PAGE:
Anatomy of the Hit: Taylor Swift’s “ME!”

Anatomy of the Hit: Taylor Swift’s “ME!”

Taylor Swift has always had a talent for retro. Her multi-platinum 2008 single “Love Story” is a retelling of Shakespeare’s Romeo & Juliet (1590s); the video for “Wildest Dreams” puts her on a Casablanca-era film set (1940s); and the baritone saxophone in “Shake it Off” is a knowing nod to Wilson Pickett’s 1965 hit “In the Midnight Hour.” And that’s before we get to the fashion references, such as “Style”s “red lip, classic thing that you like.”

In “ME!” the historical references are everywhere. Set in a fantastiverse of Mary Poppins, spelling bees, Sesame Street and glitter swirls, it’s a joyful teen pop song, in which the characters’ love for each other is matched only by their healthy self-esteem. Romantic cynics and goths, look away now.

 

INTRO (1 bar) [0:00]

[Taylor] I promise that you’ll never find another like me 

One problem with short intros is that there isn’t always enough time to engage the listener before the verse begins. Taylor is taking no chances here, with a one-bar onramp that brings us vocals, a chorus excerpt including the title, and summarizes the entire meaning of the song.

VERSE 1 (8 bars) [0:02]

[Taylor]: I know that I’m a handful, baby, uh / I know I never think before I jump And you’re the kind of guy the ladies want / (and there’s a lot of cool chicks out there)/ I know that I went psycho on the phone / I never leave well enough alone / And trouble’s gonna follow where I go / (and there’s a lot of cool chicks out there)

Throughout this super-sparse opening verse, the accompaniment is just bass drum, snare and synth drone — the minimum we need to establish the song’s marching-band soundworld and its chord loop — more on that later. Taylor’s vocal is dry, single-tracked and close, but there’s a subtle production trick at the end of each lyric line where the reverb kicks in just for one syllable (underlined). It falls on the first beat of each new bar, so feels like a very gentle cymbal crash, adding emphasis to each chord change, and drawing us closer to the verse’s journey.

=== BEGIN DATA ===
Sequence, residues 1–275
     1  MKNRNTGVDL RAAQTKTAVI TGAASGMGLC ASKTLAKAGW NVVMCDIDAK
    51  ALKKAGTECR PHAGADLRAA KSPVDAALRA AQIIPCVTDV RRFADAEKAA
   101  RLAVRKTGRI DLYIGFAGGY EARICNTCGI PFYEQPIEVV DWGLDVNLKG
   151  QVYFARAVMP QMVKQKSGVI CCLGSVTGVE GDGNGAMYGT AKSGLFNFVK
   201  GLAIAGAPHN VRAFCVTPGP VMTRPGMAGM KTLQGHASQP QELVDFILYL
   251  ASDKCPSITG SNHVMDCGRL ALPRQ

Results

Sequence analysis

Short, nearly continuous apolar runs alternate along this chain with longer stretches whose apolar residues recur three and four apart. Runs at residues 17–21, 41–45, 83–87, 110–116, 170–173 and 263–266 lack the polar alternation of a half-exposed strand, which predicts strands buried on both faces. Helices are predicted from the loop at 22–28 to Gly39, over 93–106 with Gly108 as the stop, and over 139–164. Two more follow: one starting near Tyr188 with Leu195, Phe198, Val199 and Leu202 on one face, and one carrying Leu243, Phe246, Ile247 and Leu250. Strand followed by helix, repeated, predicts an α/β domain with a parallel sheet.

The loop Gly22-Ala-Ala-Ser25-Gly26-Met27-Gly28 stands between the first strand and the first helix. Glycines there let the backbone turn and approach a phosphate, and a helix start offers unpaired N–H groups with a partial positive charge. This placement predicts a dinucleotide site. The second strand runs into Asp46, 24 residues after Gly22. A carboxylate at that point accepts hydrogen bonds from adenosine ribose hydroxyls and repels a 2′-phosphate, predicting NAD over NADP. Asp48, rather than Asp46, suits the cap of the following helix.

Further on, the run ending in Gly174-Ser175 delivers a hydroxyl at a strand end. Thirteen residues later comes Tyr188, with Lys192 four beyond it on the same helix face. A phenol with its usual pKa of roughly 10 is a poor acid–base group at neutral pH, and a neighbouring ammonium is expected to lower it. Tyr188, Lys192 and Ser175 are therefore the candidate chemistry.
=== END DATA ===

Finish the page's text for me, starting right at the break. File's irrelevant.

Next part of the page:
Here in this pre-duet section, Taylor is her own backing vocalist, with the double-tracked “cool chicks” commentary providing devil-on-the-shoulder style advice.

PRE-CHORUS (4 bars) [0:23]

But one of these things is not like the others/ Like a rainbow with all of the colors
Baby doll, when it comes to a lover / I promise that you’ll never find another like (me-he…)

The retro remains strong here —  “one of these things is not like the others” is a reference to the U.S. children’s show Sesame Street (1969), which used this song in an educational context. It’s just voice and drums, and the mostly one-note melody reinforces the marching band chant feel. The only nod to current pop production here is the reverse cymbal that accompanies the “me-he-heee” harmonies that open the chorus.

CHORUS (8 bars + 1) [0:34]

Me-he-hee, ooh-ooh-ooh-ooh
I’m the only one of me / Baby, that’s the fun of me
Eeh-eeh-eeh, ooh-ooh-ooh-ooh
You’re the only one of you / Baby, that’s the fun of you
And I promise that nobody’s gonna love you like me-e-e

The main part of the chorus lasts for a pop-typical eight bars, or twice around the C-Am-F-G chord loop. There are hooks galore here; the opening “Mee” and “Ooh” vowels cover a range of only five notes, making them easy to sing and extra memorable. It also helps that they use the C major pentatonic scale.